Herbalife Hires Bankers as Ackman Showdown Looms (Correct)
Ramey of D.A. Davidson said in a Dec. 21 note to clients that he disagreed with Ackman's overall argument that Herbalife draws the bulk of its revenue from distributors involved in the company's multi-level marketing arrangement -- a revenue mix that could fall under "pyramid scheme" definitions detailed by the Federal Trade Commission -- and feels the majority of the company's sales count as bona fide retail demand.
On a more fundamental basis, Bank of America Merrill Lynch analyst Christopher Ferrara and Linda Bolton Weiser of R. Riley & Co. argued Herbalife had the financial flexibility to launch a large stock buyback, which might drive earnings per share growth. Ferrara, for instance, highlighted in a Dec. 21 note to clients that Herbalife is authorized to repurchase $1 billion in stock, or roughly 24% of the company's shares outstanding.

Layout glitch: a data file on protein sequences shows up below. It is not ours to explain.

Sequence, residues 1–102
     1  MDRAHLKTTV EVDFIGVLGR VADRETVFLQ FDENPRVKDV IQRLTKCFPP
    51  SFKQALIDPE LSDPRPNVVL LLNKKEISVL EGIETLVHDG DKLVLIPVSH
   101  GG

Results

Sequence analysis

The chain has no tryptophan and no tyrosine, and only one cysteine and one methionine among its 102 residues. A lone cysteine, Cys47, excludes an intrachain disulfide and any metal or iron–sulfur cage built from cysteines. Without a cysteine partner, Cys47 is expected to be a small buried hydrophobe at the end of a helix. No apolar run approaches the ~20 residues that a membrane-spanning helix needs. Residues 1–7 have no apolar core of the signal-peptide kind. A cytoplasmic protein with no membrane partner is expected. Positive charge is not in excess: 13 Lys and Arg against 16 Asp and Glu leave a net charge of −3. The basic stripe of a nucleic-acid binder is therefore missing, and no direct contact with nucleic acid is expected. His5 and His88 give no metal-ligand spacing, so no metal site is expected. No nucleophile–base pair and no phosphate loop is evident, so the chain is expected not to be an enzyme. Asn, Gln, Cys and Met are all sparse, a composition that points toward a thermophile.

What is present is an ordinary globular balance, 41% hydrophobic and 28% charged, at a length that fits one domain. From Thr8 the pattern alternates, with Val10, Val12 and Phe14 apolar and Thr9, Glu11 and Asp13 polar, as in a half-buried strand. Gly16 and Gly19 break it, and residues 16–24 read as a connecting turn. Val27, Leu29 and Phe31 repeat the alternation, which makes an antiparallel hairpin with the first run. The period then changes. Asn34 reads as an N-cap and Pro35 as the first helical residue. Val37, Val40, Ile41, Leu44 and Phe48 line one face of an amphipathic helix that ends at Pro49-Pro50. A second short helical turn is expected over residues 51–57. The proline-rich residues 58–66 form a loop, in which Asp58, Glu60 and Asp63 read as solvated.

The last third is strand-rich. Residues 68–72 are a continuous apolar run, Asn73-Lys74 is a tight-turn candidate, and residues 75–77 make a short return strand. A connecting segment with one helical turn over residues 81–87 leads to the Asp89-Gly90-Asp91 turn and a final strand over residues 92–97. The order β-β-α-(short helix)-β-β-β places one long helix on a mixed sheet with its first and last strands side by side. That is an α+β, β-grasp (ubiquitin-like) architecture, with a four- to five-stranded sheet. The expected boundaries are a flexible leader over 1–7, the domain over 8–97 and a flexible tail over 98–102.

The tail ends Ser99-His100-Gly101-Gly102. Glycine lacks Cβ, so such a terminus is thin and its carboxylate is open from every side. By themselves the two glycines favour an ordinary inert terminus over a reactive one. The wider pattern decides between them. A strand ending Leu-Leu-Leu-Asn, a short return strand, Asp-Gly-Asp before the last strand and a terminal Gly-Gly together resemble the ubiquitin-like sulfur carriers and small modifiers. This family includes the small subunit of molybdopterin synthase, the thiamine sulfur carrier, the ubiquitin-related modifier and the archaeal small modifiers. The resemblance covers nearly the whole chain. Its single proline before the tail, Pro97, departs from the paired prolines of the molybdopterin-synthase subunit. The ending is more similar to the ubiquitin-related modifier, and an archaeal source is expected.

Monday's disclosure by Herbalife may dampen expectations of a large buyback to cut against Ackman's Herbalife short trade. Its hiring of Moelis & Co. may also raise new questions, as investors await a direct response to Ackman's allegations.
For more on the battle between Herbalife and Ackman, see why they're getting personal .
-- Written by Antoine Gara in New York